Chiem-Seng-Yaangh, born in Laos, escaped to Thailand, currently living in Sacramento, California.

Video Timeline

Note: To listen to a specific clip, move the slider on the video to the designated clip time listed below.

00:00  – Introduction

00:44 – Clip 1
Recalls earliest memories of his village. Helped his family with harvesting crops.

04:09 – Clip 2
Talks about communists attacking his village. His family was relocated by the Royal Army to a temporary camp in the “middle of nowhere”.

10:26  – Clip 3
Remembers soldiers coming into village and the villagers preparing a feast. The elders assured the soldiers they were staying, but as soon as the soldiers left, the villagers packed up and left.

11:46  – Clip 4
Recounts family’s middle-of-the-night escape. Chiem-Seng helped carry some of the family’s silver pieces.

15:00  – Clip 5
Recognizes that his family was fortunate to be in a village on the west side of the Mekong River. Escaping to Thailand, therefore, did not involve crossing the river.

15:53  – Clip 6
Explains that not everyone left the village at first because they had hoped they could stay.  But eventually all of the people left the village.

17:16  – Clip 7
Discusses life in the temporary shelters in Thailand, where there was a lot of death and sickness.

19:32  – Clip 8
Explains the family dynamics in the refugee camp and the help his mother needed, leading her to remarry a widow, who also had a child. Chiem-Seng explains that “forming families” was a common practice in the refugee camp.

20:51  – Clip 9
Explains that in the refugee camp, families had to build their own thatch houses, similar to the ones in their old village. The Mien people were hunters/fishers and would go out and hunt for fresh meat, (deer, monkey and hogs).

24:51  – Clip 10
Describes the Thai soldiers as “mean and vicious” and that they were at the mercy of the soldiers. They had no citizenship, no rights and if you complained they would put you in a dungeon.

27:13  – Clip 11
Explains that the UN and Thai government arranged interviews to determine if people were eligible to go to another country – United States, France or Canada. In order to go to the United States, someone in your family had to have served in the army through the CIA. His step-father and brother-in-law helped qualify the family.

31:03  – Clip 12
Describes leaving Laos and how he didn’t want to leave because they had just built their house.

37:49  – Clip 13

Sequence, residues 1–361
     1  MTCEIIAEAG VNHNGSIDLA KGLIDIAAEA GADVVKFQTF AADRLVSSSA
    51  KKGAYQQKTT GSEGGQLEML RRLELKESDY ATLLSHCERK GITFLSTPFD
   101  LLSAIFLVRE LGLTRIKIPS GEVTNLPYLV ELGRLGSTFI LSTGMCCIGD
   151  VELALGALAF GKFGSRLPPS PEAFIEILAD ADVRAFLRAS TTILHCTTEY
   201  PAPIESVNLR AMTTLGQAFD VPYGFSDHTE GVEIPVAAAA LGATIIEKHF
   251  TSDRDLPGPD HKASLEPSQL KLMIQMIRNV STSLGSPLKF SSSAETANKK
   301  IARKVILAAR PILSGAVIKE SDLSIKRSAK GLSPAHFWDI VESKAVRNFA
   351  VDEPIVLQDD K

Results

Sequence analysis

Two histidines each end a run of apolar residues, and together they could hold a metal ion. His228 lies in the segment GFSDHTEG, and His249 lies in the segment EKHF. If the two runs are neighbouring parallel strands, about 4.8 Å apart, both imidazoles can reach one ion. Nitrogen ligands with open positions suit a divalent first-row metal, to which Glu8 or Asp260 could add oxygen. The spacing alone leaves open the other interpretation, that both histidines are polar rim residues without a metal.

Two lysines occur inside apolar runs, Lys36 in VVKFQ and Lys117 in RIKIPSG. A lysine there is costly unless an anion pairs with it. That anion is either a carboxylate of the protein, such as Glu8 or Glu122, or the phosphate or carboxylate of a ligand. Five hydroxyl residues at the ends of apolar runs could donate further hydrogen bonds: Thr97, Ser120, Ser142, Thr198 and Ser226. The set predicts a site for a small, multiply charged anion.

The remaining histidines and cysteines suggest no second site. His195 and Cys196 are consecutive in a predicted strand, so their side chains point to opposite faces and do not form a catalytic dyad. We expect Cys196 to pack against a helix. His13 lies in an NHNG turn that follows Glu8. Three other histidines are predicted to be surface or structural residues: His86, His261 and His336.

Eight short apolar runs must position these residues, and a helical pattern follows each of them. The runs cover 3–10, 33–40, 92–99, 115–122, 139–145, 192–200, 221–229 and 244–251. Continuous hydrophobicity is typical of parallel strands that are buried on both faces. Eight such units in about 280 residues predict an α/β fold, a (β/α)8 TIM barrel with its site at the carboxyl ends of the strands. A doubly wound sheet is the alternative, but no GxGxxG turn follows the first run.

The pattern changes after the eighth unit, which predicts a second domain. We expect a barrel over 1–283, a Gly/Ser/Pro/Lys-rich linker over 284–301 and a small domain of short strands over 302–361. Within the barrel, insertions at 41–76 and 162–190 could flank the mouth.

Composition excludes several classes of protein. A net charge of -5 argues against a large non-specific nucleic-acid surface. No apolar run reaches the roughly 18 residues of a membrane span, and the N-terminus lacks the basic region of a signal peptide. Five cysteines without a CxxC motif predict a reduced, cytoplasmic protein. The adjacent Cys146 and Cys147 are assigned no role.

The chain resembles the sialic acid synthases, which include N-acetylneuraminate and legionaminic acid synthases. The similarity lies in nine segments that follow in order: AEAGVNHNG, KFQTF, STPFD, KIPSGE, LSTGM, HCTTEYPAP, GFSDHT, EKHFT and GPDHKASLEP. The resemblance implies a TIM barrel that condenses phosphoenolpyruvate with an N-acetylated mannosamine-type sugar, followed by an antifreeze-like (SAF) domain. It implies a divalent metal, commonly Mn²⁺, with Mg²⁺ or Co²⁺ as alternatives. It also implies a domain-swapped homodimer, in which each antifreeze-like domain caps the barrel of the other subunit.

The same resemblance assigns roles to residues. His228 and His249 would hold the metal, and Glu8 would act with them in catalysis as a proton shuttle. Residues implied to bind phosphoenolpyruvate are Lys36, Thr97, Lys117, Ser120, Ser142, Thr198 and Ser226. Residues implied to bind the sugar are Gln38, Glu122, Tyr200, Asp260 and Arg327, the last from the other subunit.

Explains the death curse in more detail. The death curse is when someone calls on evil spirits to put a curse on someone. It is a ritual ceremony and is considered a serious threat.

39:31  – Clip 14
Describes the refugee camp where he played and would go to the farm to help his parents. Sometimes they would go to the city to help the farmers, but most of the time he played (fishing, swimming) – but there was also a lot of abuse by the soldiers, hunger and crying.

41:22  – Clip 15
Discusses what happens when people were trying to survive in the camps – thefts, fights, and they were not allowed into the city.

42:58  – Clip 16
Explains the process of coming to the United States through the Refugee Resettlement Program. The apartment complex (Portland, Oregon) where his family was resettled was mostly made up of other refugees from Laos.

45:16  – Clip 17
Explains his first experience with formal education – he felt that everyone was tall and big. He was placed in a desk in the corner – when everyone got up to leave to to go the next class, he thought the school day was over, so he walked the mile home.

50:35  – Clip 18
States that his escorts were rotated, until they found a student who spoke Hmong, which Chiem was also fluent in. This student became his unofficial translator.

51:32  – Clip 19
Describes being picked on and getting hit. He was pushed into a locker by a group of kids and also remembers being sent to a storage room by a teacher for talking.

53:46  – Clip 20
Explains that white families adopted him to help immerse him into the culture by inviting him to celebrate Thanksgiving and Christmas and that helped him at school.

55:57  – Clip 21
Describes being in Portland, Oregon, for 14 years and provides information about his educational background.

56:32  – Clip 22
Discusses the origin of his name and what he chose to study.

1:01:06  – Clip 23
Explains that he was able to pay for college through financial aid and work study; he also had a scholarship for people who wanted to teach.

1:01:53  – Clip 24
In response to a question about how he knew what to do with regards to applying for college, Chiem-Seng explains that he had a mentor to guide him and there was a teacher who specifically helped refugee children get into college.

1:04:33  – Clip 25
Recalls people who encouraged him and helped him along the way.

1:05:45  – Clip 26
Discusses his career path and how he started working at a non-profit.

1:16:28  – Credits

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